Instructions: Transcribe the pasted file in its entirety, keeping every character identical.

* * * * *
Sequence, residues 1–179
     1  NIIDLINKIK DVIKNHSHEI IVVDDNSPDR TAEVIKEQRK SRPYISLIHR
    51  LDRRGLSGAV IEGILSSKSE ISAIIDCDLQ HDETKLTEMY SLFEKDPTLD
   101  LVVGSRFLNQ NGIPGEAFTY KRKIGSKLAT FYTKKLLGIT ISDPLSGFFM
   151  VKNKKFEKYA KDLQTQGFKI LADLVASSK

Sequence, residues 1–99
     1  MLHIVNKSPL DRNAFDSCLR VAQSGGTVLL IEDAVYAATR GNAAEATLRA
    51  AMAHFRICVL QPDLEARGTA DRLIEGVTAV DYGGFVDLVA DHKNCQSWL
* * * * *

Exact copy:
Sequence, residues 1–179
     1  NIIDLINKIK DVIKNHSHEI IVVDDNSPDR TAEVIKEQRK SRPYISLIHR
    51  LDRRGLSGAV IEGILSSKSE ISAIIDCDLQ HDETKLTEMY SLFEKDPTLD
   101  LVVGSRFLNQ NGIPGEAFTY KRKIGSKLAT FYTKKLLGIT ISDPLSGFFM
   151  VKNKKFEKYA KDLQTQGFKI LADLVASSK

Sequence, residues 1–99
     1  MLHIVNKSPL DRNAFDSCLR VAQSGGTVLL IEDAVYAATR GNAAEATLRA
    51  AMAHFRICVL QPDLEARGTA DRLIEGVTAV DYGGFVDLVA DHKNCQSWL